A racially-charged criminal trial and a heart-rending love story converge in this documentary about Richard and Mildred Loving, set during the turbulent Civil Rights era. Long Way Home: The... See full summary »
Lindsay Almond Jr.,
Edward L. Ayers
HALF THE SKY is a passionate call-to-arms, urging us not only to bear witness to the plight of the world's women, but to help to transform their oppression into opportunity. Our future is in the hands of women everywhere.
The movie tells the stories of nine girls from different parts of the world who face arranged marriages, child slavery, and other heartbreaking injustices. Despite these obstacles, the ... See full summary »
After the assassination of Dr. George Tiller in Kansas in 2009, there are a limited number of doctors left in the country who provide third-trimester abortions for women. AFTER TILLER moves... See full summary »
Documentary on the psychological aspects of growing up with and without parental love. It centers around the Diaz family, who chooses to adopt three orphans from Russia, and how their new and old kids handle family together.
I love documentaries and they're among my favorite types of films. However, among the documentaries there are two types that really stand out for meones that have a strong emotional impact and those who are pushing for some sort of positive change. You'll see BOTH in Dark Girls an exceptional film from D. Channsin Berry and Bill Duke.
Dark Girls is a film about a worldwide phenomenonthe notion that the lighter the skin the better or more beautiful the person supposedly is. In particular, it focuses on black womenwomen who have been traditionally devalued because of insane perceptions by the prevailing culture. The roots of this nonsense are investigated by the film as well as how prevalent it is in most cultures around the globe. However, most of the film is made up of interviewsmostly with black women but black men, whites and Asians as well. Why so many different types of people? It's because apparently every group, to some extent, has bought into this superficial notion. By far the most hard-hitting of these interviews are by beautiful black women and girls who grew up hating their color and themselves simply because of natureand this is where the Kleenex will probably come in handy. Seeing and hearing all these accomplished and lovely people who have despised their darker pigments is tough to watch without becoming at least a little misty-eyed. I just wanted to hug them all and tell them they were beautifuland I am sure you'll also feel that way as you watch.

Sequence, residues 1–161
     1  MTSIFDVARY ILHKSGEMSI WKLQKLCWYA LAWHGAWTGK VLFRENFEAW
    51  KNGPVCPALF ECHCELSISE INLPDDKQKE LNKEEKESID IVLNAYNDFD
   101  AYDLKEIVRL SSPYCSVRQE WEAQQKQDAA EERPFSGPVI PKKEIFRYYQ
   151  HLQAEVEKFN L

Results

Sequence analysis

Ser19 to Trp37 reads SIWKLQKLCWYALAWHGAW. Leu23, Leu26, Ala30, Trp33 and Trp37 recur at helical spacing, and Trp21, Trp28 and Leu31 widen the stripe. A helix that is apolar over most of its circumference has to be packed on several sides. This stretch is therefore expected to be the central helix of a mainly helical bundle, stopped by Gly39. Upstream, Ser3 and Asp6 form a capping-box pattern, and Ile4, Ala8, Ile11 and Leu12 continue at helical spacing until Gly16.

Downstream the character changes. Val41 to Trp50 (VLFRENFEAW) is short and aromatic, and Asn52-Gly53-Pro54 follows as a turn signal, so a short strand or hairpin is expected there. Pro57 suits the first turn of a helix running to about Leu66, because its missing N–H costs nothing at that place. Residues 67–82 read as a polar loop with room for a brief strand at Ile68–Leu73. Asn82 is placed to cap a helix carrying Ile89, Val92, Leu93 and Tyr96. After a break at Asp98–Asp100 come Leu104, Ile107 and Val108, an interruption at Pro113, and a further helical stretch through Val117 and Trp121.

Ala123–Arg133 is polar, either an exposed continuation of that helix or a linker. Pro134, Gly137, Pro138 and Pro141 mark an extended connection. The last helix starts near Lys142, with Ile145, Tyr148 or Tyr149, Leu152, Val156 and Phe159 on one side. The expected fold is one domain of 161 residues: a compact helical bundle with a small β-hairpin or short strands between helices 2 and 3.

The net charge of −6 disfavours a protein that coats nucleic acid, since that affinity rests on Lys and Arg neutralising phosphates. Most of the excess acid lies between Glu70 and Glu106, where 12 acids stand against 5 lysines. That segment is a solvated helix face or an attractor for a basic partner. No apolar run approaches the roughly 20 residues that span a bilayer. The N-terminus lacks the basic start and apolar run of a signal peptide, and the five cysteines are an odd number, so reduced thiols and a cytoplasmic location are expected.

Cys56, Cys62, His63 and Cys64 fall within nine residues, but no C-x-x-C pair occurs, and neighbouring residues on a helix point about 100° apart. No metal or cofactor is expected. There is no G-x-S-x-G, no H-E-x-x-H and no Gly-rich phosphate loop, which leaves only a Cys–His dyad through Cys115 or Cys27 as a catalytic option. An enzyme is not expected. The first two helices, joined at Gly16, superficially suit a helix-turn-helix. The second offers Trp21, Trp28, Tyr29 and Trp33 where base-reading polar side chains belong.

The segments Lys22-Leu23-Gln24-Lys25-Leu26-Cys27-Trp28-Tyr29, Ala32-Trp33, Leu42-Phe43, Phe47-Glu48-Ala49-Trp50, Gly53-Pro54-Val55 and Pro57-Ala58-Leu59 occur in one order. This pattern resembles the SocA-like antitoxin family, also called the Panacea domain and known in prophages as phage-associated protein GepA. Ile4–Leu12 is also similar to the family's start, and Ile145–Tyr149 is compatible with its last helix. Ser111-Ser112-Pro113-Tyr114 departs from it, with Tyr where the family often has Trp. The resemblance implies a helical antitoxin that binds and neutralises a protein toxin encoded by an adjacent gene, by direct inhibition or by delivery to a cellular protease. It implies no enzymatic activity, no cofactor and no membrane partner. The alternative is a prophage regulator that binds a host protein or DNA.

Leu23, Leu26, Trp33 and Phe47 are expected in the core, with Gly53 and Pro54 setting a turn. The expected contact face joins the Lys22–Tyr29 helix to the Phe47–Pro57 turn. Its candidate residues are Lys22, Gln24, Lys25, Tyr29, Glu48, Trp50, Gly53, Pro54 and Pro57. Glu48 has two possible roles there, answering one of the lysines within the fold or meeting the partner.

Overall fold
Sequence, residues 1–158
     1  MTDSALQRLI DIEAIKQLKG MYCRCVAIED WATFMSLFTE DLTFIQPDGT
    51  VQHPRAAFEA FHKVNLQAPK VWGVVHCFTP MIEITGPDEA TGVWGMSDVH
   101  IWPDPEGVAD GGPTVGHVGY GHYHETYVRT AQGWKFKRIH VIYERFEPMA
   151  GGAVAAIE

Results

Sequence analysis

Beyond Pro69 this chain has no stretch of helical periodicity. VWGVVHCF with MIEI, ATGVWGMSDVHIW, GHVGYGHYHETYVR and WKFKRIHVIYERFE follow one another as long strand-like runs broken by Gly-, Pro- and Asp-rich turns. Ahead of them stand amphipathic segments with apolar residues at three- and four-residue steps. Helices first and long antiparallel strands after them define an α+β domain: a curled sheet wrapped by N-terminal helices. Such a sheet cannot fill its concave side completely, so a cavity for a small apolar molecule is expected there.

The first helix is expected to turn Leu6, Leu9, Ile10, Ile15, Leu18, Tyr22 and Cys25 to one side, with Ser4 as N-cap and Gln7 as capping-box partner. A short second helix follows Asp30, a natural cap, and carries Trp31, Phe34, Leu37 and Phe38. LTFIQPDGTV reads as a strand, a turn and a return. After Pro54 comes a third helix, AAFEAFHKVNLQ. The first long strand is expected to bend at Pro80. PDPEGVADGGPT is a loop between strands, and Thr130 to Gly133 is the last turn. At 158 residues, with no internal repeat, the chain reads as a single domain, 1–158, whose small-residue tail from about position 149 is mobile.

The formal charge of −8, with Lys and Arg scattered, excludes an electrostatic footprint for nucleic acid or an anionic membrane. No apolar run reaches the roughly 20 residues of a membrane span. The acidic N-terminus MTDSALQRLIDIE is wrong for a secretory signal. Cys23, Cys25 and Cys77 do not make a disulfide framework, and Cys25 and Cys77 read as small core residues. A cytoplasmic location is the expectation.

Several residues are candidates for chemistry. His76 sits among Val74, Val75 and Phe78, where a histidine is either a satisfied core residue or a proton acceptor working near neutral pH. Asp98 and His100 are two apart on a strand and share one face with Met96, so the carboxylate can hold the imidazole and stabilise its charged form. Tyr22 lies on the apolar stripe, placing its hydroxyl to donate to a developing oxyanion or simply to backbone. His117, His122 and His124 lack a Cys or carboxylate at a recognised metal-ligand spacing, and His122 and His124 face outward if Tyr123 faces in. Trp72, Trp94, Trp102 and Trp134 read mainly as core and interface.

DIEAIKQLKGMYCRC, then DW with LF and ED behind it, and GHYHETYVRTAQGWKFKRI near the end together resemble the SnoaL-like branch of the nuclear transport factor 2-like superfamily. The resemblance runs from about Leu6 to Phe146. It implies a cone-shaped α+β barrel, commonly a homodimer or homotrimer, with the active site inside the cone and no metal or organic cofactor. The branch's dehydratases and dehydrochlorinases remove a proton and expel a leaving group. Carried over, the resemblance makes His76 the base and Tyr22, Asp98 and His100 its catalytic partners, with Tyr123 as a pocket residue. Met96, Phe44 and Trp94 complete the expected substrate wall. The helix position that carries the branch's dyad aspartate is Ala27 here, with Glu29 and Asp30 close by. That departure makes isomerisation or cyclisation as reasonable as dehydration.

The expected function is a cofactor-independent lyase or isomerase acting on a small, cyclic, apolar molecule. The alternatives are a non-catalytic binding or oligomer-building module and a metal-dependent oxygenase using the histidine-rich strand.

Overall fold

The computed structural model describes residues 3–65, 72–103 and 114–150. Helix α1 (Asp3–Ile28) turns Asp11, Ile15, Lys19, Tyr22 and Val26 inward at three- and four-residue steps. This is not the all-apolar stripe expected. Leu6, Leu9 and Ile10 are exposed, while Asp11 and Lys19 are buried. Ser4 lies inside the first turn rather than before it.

Of all the documentaries I've recently seen, this is one that I wish I could force children and teens to watch. Then they, too, can see how cosmetic manufacturers, television and the culture STILL promote a notion that lighter is more beautiful instead of character being what makes someone beautiful. I know I'm sounding like I'm on a soapbox here so I'll wrap it up quickly. The bottom line is that the film is very well made, intelligent and hard-hitting. And, if you want to see it, try Netflixwhere it is currently streaming.
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